|Could there be a thriller|
in this gent's pocket?
And since in the United States the New Hampshire primary for both major political parties is today, what better choice than a vintage detective novel set in New Hampshire?
I think many people today regard classical, or so-called "cozy" detective fiction, as something appealing more to middle-aged and older readers, so it's interesting to note that during the Golden Age of detective fiction, between the two world wars, classic mystery was seen as something of a college campus craze, like wearing raccoon coats and swallowing goldfish.
In the United States, detective novelists John Dickson Carr (1906-1977), Todd Downing (1902-1974) and Milton M. Propper (1906-1962), for example, were avid mystery readers in college, as was another detective novelist I hadn't written about on the blog before, Clifford Orr (1899-1951), Dartmouth, Class of '22.
|Clifford Orr (1899-1951)|
Carr, It Walks by Night (1930)
Downing, Murder on Tour (1933)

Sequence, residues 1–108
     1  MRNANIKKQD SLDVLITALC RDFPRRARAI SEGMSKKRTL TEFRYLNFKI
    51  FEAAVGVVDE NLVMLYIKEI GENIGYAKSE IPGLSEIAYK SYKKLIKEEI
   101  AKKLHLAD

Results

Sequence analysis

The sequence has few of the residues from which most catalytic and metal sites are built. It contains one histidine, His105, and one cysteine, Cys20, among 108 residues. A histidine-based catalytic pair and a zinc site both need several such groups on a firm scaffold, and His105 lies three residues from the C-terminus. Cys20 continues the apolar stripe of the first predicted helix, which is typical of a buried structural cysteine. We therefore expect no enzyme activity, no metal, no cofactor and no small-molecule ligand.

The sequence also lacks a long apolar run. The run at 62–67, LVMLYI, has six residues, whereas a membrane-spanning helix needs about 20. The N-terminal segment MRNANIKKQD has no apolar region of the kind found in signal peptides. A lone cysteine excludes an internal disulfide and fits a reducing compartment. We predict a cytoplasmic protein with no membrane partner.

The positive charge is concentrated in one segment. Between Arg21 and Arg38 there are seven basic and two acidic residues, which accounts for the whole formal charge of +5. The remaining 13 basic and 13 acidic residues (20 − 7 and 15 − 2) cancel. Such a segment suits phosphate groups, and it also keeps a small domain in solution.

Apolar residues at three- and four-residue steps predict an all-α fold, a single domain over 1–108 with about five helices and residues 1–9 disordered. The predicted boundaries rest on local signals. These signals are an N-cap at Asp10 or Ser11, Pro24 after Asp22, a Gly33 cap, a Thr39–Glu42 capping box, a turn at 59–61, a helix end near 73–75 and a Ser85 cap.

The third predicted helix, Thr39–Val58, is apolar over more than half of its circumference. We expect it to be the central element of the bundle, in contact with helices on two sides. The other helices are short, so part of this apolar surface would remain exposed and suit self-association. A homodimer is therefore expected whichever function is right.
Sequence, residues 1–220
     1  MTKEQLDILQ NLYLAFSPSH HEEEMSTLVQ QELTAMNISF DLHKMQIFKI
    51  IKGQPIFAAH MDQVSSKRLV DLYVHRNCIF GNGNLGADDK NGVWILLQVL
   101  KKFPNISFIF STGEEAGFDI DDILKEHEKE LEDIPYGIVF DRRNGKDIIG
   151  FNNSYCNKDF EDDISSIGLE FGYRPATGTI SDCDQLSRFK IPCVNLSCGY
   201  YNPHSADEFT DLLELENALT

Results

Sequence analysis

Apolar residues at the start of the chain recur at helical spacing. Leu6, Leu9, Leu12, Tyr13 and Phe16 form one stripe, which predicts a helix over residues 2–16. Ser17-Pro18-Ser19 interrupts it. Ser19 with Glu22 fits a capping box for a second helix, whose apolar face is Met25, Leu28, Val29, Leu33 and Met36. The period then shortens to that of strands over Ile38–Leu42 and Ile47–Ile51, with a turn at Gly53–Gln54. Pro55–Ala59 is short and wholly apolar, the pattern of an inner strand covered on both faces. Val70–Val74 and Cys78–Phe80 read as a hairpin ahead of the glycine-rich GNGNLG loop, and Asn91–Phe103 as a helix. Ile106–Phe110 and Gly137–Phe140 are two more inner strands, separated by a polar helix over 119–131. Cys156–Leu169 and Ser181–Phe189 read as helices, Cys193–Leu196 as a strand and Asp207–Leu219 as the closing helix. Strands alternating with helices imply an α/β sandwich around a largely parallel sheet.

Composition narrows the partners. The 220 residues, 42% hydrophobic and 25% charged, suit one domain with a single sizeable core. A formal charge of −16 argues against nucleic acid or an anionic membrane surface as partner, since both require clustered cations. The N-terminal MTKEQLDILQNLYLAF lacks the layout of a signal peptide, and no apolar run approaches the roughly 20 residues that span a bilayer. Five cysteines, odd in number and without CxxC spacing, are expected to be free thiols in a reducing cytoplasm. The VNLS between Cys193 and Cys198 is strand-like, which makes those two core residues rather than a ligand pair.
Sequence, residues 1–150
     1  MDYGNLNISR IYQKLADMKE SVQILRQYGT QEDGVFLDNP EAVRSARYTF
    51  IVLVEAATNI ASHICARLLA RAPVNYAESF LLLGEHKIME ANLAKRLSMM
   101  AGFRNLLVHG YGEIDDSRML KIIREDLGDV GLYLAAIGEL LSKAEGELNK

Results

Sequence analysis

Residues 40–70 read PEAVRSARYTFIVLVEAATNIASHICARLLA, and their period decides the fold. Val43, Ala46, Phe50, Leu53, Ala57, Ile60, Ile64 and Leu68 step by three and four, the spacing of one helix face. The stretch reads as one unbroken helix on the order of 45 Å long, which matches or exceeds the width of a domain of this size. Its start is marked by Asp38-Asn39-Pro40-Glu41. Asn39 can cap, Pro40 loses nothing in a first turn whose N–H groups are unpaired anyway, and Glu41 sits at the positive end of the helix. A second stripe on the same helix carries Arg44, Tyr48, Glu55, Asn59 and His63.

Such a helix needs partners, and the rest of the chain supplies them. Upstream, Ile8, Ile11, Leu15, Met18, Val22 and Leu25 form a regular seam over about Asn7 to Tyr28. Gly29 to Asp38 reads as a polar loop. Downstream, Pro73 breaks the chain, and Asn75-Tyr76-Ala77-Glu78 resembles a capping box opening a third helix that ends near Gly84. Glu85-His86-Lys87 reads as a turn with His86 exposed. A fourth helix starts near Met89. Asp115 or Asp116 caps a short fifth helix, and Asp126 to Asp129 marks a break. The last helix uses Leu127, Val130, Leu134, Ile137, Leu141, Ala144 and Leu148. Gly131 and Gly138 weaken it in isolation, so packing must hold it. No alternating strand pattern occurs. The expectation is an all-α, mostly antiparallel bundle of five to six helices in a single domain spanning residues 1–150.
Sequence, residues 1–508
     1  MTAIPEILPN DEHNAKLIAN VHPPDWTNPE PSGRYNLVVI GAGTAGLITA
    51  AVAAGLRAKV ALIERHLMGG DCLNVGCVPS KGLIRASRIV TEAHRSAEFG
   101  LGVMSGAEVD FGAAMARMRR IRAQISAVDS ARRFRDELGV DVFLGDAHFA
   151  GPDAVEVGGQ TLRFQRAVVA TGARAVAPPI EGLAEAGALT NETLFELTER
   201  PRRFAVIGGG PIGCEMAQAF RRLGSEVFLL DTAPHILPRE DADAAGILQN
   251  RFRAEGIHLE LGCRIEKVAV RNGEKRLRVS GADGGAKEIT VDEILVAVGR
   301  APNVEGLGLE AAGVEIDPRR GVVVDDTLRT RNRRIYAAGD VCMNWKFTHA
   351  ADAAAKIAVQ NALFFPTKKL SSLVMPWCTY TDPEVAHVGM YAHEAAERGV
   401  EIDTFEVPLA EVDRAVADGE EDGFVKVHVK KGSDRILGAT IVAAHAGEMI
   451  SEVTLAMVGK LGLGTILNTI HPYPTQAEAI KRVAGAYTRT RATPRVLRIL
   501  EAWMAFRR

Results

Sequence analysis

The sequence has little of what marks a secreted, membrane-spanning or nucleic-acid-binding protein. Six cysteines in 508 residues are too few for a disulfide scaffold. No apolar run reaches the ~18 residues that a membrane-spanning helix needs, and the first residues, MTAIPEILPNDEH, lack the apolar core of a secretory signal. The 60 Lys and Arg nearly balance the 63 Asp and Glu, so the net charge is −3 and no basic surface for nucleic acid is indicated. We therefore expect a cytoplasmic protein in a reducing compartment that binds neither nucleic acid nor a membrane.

Propper, The Strange Disappearance of Mary Young (1929)
Clifford Orr, The Dartmouth Murders (1929)
Carr was only 23 when his first novel detective novel was published, Propper a year younger.
After publishing The Dartmouth Murders, Orr would publish The Wailing Rock Murders in 1932 and the same year he was said to have The Cornell Murders in preparation, but the latter novel never appeared (too bad, a line of college titled mysteries could have kept Orr in gravy for some time). Orr later went on to become an editor at the New Yorker, where he remained until his untimely death in 1951.
The Dartmouth Murders was filmed as A Shot in the Dark in 1935, a poverty row production that nevertheless has its modern admirers. Orr's first novel holds up well for fans of classic mystery, though his second one, Wailing Rock Murders, is, in my view the superior book of the pair. The latter novel is extremely rare, but happily a new edition is forthcoming from Coachwhip, who will be publishing the novel as a twofer with The Dartmouth Murders.
|North Mass, Dartmouth|
(setting of the first death in
The Dartmouth Murders; note modern fire escape)
In classic tradition, the local sheriff allows the father to more or less run the investigation for him, Ellery Queen or Philo Vance presumably not having been available for amateur consultation that week. Unfortunately, two more deaths will follow the first before a murdering fiend is found. In classic fashion, the trail of the mystery seems to lead to Boston and old sins that have cast long shadows....
|Rollins Chapel, Dartmouth|
(scene of the second murder in
The Dartmouth Murders)
I'll have a separate post on the latter novel coming soon!